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Living Within Our Means

According to the Global Footprint Network calculations, we took only nine months to exhaust the ecological budget for the year. On August 21st we reached the Earth Overshoot Day, or in other words, the day of the year where our demand on the biosphere exceeds what it can regenerate. Already on the 8th month of the year, we have maximised all the ecological services that nature can regenerate this year. What do we do for the other four months? Well, for the rest of the year we will meet our demand by depleting resource stocks and accumulating waste materials faster than they can be absorbed or recycled.

Applying this global situation to a financial scenario may shed some light on our actions. If we have spent our annual income in the first eight months, we might reach for a credit card or a bank loan - although even this brought us to one of the biggest economic crises. But unlike our financial institutions, nature does not operate with credit cards or loans. Instead, the Earth Overshoot Day occurred even earlier this year than in 2009, and is estimated to come a month early each year.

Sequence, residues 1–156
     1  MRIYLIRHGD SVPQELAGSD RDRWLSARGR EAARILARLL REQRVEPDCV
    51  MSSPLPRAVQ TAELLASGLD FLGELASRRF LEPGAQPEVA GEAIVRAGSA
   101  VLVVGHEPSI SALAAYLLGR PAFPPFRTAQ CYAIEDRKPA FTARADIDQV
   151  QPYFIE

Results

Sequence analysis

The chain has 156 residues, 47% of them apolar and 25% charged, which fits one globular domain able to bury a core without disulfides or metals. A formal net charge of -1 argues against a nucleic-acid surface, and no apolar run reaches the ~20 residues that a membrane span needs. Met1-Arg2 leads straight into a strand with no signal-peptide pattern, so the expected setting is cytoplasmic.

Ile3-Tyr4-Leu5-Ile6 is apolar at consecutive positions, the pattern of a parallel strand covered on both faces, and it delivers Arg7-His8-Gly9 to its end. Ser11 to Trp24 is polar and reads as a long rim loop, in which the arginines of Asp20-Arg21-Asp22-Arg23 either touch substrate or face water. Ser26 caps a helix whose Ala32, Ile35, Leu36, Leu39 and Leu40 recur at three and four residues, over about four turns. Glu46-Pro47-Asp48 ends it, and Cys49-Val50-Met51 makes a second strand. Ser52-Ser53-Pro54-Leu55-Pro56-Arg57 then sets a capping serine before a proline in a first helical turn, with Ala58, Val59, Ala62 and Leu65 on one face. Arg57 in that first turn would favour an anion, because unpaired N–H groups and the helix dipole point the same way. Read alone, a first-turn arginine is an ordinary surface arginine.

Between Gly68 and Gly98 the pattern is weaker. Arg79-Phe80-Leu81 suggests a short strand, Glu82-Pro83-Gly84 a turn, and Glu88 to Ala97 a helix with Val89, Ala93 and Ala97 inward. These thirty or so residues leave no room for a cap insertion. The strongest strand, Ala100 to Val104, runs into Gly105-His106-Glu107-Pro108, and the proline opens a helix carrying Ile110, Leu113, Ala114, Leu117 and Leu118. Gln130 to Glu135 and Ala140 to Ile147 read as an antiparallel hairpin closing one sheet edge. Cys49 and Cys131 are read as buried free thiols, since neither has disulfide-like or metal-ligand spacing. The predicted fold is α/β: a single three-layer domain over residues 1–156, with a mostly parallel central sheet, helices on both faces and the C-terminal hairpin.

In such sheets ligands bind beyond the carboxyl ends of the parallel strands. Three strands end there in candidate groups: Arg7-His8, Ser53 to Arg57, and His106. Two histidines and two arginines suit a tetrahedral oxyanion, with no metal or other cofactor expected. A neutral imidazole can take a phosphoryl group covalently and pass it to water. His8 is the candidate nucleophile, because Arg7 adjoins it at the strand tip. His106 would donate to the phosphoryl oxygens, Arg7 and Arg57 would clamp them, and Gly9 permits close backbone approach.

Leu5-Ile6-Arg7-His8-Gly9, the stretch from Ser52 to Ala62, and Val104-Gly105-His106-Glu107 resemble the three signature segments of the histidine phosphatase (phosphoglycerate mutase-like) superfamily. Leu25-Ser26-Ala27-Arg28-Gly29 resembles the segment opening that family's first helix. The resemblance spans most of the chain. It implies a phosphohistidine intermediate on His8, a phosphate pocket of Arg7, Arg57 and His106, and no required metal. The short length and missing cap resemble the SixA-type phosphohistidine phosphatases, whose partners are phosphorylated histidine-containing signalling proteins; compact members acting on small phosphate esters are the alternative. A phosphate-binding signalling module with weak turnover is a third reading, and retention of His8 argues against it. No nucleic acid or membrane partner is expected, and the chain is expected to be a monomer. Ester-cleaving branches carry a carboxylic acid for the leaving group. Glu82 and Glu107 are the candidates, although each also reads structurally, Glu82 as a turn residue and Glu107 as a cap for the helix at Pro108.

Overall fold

How big is humanity's total Ecological Footprint? According to moderate UN scenarios, we use the equivalent of 1.5 planets to generate the resources and absorb our waste, and if these trends continue we will need the equivalent of two Earths by the year 2030. You can calculate your own Ecological Footprint and learn what you can do to reduce it. In addition to changes implemented by each individual person, the Global Footprint Network is dedicated to addressing the problem of overshoot with governments and decision-makers at all levels.

The good news is that much of the technology to address the challenges of our lavish living habits in the West is available today - from using public transportation and organic farming to energy-efficient houses and compact urban design. However, calculations show pressure on ecological resources will continue to rise due to continued population growth and so increase in consumption. Perhaps living within our means is the wisest precaution. While science can present us with several scenarios based on years of research and better knowledge, the indigenous societies demonstrate their wisdom that has been passed for hundreds of years. They knew as we know today that everything in nature is connected and humans are part of that network.